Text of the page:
Small dog fun with big dog bite in Ford’s groundbreaking Fiesta
summit daily auto writer
In prepping for the domestic launch of its international success, the diminutive Ford Fiesta, the worlds of Facebook, viral video and a team of “Agents” (young, media-savvy youngsters who were loaned the car to create more personal impressions of the vehicle) all came together to get the buzz brewing.
I finally got a chance to drive the sculpted, bug-shaped car that I’ve heard about and seen at events for more than a year (as it was introduced in Europe in 2008), and while not quite as explosive and groundbreaking as all the hype would have you believe, it’s still a fun, affordable and stylish alternative in the sub-compact, entry level auto market.
And it’s much better sorted than others in that category, including bland entries such as the Toyota Yaris, Honda Fit and the Nissan Versa. Even better, as gas gradually and magically starts poking toward $4 a gallon again, small, super-efficient machines such as the Fiesta will start to make sense to even the Tahoe/Durango crowd.
Admittedly, my Fiesta did cost a bit more than $19,000 with options (there has been some grumbling about the car’s affordability), but I’d say it’s still a good buy.
It’s also more than 30 years since a Fiesta model roamed the U.S. landscape, but this new European-designed, Mexican-assembled five-door hatchback is quite a bit more substantial than the econobox you may remember.
Fiesta has loads of personality, inside and out, and offers snappy handling and a surprisingly roomy interior. Not unlike a Mini Cooper or the equally style-forward Kia Soul, it looks tiny but has substantial passenger space inside, even in the back seat, and rolls along comfortably – not like some buzzy kid’s toy with turn signals. Like the Mini, Fiesta’s rear wheels are also nearly under the rear bumper to add interior space and, as a result, a go-kart-inspired handling feel.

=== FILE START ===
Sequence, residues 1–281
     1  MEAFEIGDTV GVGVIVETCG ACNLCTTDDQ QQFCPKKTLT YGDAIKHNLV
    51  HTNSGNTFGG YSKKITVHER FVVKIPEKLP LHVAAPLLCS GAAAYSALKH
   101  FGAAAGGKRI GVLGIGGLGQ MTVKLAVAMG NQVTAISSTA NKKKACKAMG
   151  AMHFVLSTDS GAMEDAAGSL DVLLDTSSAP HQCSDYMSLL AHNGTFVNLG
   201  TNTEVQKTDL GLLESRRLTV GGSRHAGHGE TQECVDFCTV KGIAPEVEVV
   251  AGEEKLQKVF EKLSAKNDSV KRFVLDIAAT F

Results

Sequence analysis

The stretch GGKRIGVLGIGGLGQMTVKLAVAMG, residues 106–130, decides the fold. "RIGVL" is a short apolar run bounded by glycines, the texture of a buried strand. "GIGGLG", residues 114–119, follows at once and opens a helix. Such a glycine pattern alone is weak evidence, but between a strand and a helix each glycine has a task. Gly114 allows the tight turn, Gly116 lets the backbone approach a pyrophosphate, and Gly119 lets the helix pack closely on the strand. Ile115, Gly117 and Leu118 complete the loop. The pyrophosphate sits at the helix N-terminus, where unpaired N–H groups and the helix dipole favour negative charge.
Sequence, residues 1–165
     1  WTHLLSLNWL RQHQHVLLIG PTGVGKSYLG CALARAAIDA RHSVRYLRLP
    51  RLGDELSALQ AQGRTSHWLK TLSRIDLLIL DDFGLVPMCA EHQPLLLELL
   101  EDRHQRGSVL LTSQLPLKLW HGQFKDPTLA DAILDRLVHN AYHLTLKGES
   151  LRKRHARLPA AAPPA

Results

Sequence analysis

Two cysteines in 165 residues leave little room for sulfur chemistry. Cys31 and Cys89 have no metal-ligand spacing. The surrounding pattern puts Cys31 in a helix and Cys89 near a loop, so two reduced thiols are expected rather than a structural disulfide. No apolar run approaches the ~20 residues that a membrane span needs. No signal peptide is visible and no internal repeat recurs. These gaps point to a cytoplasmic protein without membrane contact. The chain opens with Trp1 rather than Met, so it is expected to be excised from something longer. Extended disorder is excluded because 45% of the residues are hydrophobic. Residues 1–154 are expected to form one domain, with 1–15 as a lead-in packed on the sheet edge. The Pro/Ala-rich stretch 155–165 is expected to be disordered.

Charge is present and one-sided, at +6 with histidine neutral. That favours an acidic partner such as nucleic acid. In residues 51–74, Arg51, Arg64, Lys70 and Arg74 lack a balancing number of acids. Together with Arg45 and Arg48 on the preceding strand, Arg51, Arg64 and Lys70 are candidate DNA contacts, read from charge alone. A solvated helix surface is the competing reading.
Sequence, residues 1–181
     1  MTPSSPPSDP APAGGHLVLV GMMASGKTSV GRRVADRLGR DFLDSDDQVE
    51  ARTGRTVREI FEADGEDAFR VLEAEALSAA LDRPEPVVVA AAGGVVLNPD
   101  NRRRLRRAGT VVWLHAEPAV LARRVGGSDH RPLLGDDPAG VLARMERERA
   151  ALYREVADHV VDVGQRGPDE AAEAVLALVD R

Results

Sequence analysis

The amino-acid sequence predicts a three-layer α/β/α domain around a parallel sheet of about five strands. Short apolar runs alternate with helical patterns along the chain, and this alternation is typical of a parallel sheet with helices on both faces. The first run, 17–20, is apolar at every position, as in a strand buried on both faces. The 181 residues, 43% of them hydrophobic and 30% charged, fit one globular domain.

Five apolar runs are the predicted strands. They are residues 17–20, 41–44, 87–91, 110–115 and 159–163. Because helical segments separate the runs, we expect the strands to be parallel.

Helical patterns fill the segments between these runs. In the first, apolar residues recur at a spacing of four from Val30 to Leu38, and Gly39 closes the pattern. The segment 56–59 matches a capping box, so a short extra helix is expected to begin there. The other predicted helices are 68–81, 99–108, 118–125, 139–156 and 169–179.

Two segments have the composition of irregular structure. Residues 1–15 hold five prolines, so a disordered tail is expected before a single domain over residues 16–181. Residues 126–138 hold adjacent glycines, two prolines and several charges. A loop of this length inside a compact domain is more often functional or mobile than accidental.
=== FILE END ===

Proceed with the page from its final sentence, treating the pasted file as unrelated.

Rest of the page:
The 1.6-liter four-cylinder engine produces only 120 horsepower but you’ll find that’s more than enough for urban scooting and 75 mph cruising on the highway; as you’re headed up the pass, the little engine produces enough torque to keep moving up I-70 without reverting to second gear.
That engine will also generate a healthy, almost hybrid-like 40 mpg on the highway, rather consistently, without any complicated batteries or regenerative brakes.
And while the interior is certainly chock ablock with plastic, the design is markedly different than Fords past. It’s about the most purely European thing I’ve seen besides a Saab or the ill-fated Saturn Astra (an Opel briefly sold here), with genuinely strange (at first) turn signals and wiper controls, plus an audio setup and display that’s very continental by way of “The Transformers.” Inset convex mirrors on the outsides of the side mirrors are also curious but really helpful, once you get used to them.
The U.S. edition comes standard with Ford’s groundbreaking, voice-activated Sync system, which allows largely hands-free control of the stereo, your iPod and your cellular phone (even reading and composing text messages). You can also upgrade to heated, pinstripe-edged leather seats, keyless entry and a pushbutton starter, not to mention a twin-clutch automatic transmission not unlike those found in much pricier rides.
On the road, Fiesta’s mood is fun and easy to use, though like those other sub-sub-compacts, driving in Colorado requires a bit of small dog attitude to make up for Fiesta’s tiny footprint. I opted to rev the engine way past the suggestion of the overly intrusive, yellow upshift light and found that produced more-than-confident merges onto the freeway and jumps in and out of traffic.
The short wheelbase and those back-set rear wheels (16-inchers are standard) also mean immediacy in turning; there’s exceptionally long clutch play, for some reason, something you have to get used to. Check out DC Shoes’ website to see what happens when a 600-horsepower engine is crammed under the Fiesta’s hood, literally smoking the tires.
Look for more of the stylish Fiestas on the road when the ol’ dinosaur juice starts outpricing Evian water, later this year.
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